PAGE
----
Ice Follies: Part Two

Goose Creek Mill Dam
Goose Creek Mill Dam

Continued from Ice Follies Part One…

So– there I was, duck-squat in the middle of the road. I could not go forward nor could I go backward. The slightest movement threatened to send one foot east and the other west, ski poles north and south.

And, whilst hunkered there in this most bizarre of postures, it occurred to me that–if the mail must go through– then the postman would be coming round the bend at any moment. He would hit the brakes–and forward momentum send him right over me, helpless in the road. I broke out in a cold–a very cold–sweat.

Alas, the mailman didn’t come. He hasn’t come. Isn’t coming. The mail won’t go through today, apparently. Some people have enough sense to stay indoors on a day like this. The mailman did not witness this spectacle, and I was spared the embarrassment of explaining that no, I was not laying an egg in the middle of the road.

Eventually I inched my way across the road in an ungraceful waddle. And, hurrah, I got to the board before it was swept away.

But, for all my risks, the plank was irretrievably locked in ice and I could not budge it, even using my ski poles as a pry bar.

There was, in this heroic effort, one sudden loss of traction under my boots while leaning and tugging at the board. A brief terror saw me bobbing along in the torrent, a bug in the storm drain of life.

More cold sweat. I scooted cautiously back up the bank on my cold, wet rear and sighed a steaming-vapor gasp of relief.

Finally, defeated, I quacked my way back across the road–no more gracefully than I had come–mission unaccomplished.

When I finally reached the welcome warmth of the dry house, I took off all my dripping wet gear and went upstairs to give Ann a report. She must be frantic!

Wrong. She had been sewing for at least an hour and had not missed me. Had I fallen in the road or into the creek, I’d still be out there.

But by morning, the plank will have surfed south down the raging creek. Hopefully, it will lodge in a tangle of alders along the bank, and we’ll go fetch it back home when the weather clears and the road is neither luge or kayak run. That might take until sometime in April. Sigh.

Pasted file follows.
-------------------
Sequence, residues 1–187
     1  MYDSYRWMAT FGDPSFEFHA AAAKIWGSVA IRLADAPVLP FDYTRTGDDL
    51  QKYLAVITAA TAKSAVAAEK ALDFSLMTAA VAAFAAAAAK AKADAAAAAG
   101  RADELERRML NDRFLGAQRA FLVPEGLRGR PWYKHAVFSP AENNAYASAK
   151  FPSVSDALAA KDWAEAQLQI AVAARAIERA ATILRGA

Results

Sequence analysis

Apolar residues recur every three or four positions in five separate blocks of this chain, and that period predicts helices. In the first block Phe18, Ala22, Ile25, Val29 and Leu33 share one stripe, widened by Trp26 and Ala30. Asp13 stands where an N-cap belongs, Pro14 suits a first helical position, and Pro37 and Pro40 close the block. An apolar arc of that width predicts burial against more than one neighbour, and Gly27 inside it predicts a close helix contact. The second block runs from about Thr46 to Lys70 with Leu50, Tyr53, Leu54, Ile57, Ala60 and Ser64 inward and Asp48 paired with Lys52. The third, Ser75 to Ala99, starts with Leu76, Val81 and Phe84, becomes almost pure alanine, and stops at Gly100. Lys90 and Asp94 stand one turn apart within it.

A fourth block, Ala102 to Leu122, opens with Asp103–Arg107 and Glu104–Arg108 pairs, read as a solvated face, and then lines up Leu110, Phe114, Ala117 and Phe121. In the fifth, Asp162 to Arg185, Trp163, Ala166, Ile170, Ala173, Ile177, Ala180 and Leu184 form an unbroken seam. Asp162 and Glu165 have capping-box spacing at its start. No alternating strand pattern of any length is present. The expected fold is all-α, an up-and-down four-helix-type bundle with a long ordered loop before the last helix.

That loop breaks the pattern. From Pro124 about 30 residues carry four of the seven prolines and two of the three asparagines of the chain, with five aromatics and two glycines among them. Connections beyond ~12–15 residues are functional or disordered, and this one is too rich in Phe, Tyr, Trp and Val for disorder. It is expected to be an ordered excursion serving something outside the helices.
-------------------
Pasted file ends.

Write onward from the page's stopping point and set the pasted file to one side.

I don’t know which is the worse to suffer: the cabin crazies or the winter things we get into when we go out where fools fear to tread. Or waddle.

More Ice Capades:

Fragments From Floyd: Oak Under Ice

Goose Creek Ice ~ Three

Goose Creek Ice ~ Two


Share this with your friends!

Fred First holds masters degrees in Vertebrate Zoology and physical therapy, and has been a biology teacher and physical therapist by profession. He moved to southwest Virginia in 1975 and to Floyd County in 1997. He maintains a daily photo-blog, broadcasts essays on the Roanoke NPR station, and contributes regular columns for the Floyd Press and Roanoke's Star Sentinel. His two non-fiction books, Slow Road Home and his recent What We Hold in Our Hands, celebrate the riches that we possess in our families and communities, our natural bounty, social capital and Appalachian cultures old and new. He has served on the Jacksonville Center Board of Directors and is newly active in the Sustain Floyd organization. He lives in northeastern Floyd County on the headwaters of the Roanoke River.

Articles: 3013


Leave a Reply

Your email address will not be published. Required fields are marked *

This site uses Akismet to reduce spam. Learn how your comment data is processed.

  1. Oh brother, Fred. What a vivid description of a desparate situation. At your age, you need to take more precautions, like setting a timer for Ann to come looking for you!

  2. We have walkie-talkies now for a couple of years. If SHE can remember to take one and I can remember to not leave mine in the house when I go out to the woodpile, this helps keep us in touch, just in case. It has been useful a couple of times: “Fred Gandy just chased a bear right in front of me. Shoot the gun!!” And I do, and the noise is enough to make them move away from the house.